You make good arguments. However, I am not sure that the background idea is completely sound. I would like to point you to a subtle contradiction in your message:
You will notice that the only way to keep backwards compatibility is to keep the cruft and polish it. Many packages in a modern distro have preferred this route: Linux, X Window System, Bash, emacs (and vim). But, as others have pointed out, all this baggage is actually useful: it codifies many use cases which have not disappeared magically but are still used by someone. Whenever a specific bit is not used by anyone it will decay naturally. Just browse the Debian-PowerPC archives for an example.
On the other hand, when compatibility is not a requirement developers are free to break with the past. The result is not always to the liking of everyone: we have seen many recent examples with PulseAudio, systemd, Gnome 3 and Ubuntu Shell, to keep it short. In an unconstrained environment such as the GNU/Linux ecosystem, it is inevitable that some people will prefer compatibility, and others will prefer to take a different route of their own.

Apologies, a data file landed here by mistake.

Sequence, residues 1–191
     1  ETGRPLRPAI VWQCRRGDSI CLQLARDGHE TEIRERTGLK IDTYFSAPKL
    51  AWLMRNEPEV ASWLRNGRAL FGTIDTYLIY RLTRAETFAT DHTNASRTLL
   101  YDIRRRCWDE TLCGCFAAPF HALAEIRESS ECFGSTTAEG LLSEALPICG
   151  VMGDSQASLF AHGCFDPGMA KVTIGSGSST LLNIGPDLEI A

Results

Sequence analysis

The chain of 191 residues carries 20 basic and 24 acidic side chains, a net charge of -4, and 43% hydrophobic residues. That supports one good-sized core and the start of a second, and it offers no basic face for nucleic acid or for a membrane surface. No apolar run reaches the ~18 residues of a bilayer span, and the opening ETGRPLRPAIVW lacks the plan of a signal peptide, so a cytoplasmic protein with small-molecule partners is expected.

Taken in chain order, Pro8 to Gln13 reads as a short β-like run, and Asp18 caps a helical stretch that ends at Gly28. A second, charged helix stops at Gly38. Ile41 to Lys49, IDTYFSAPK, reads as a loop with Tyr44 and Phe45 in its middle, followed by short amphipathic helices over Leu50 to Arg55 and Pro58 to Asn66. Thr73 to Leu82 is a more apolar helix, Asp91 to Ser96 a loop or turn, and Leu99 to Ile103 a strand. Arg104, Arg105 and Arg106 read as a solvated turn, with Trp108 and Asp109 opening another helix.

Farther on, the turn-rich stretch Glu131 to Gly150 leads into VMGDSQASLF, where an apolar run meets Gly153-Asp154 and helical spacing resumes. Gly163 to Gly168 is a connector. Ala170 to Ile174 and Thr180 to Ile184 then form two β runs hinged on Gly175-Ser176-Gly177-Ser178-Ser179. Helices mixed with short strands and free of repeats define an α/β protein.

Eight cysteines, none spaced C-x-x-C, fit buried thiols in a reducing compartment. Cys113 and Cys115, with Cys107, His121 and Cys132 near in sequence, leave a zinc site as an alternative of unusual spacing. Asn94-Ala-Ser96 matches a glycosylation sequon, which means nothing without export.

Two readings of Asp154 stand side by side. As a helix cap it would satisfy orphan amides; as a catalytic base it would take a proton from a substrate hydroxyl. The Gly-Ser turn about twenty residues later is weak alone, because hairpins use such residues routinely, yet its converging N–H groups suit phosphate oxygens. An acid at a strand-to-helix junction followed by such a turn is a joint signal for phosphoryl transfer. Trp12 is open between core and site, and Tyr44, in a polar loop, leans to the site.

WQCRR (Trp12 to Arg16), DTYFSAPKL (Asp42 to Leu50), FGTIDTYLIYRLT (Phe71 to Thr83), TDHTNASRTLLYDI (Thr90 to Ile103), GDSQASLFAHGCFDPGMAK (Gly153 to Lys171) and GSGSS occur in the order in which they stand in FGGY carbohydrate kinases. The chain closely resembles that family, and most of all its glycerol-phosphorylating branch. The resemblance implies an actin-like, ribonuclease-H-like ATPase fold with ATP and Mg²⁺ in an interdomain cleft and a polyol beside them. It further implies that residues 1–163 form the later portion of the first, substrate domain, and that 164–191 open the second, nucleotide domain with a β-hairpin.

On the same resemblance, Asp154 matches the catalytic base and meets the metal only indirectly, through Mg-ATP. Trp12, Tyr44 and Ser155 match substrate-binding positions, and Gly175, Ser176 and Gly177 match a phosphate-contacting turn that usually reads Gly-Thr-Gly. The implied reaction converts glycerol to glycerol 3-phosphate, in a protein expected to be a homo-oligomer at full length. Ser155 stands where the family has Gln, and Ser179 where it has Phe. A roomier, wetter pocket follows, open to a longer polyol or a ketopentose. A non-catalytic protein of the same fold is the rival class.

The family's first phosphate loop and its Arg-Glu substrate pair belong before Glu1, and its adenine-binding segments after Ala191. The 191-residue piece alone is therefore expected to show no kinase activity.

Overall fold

Breaking with the past and bringing everyone else aboard can apparently be achieved only in a very reduced environment or when there is a controlling entity, and even one of these conditions may not be enough: Microsoft has tried to peddle Windows Vista and now 8 without success, and in the reduced *BSD world there are many competing distros. Perhaps Haiku can do what it does (break with everything) only because it has no inertia and few developers. We will see.
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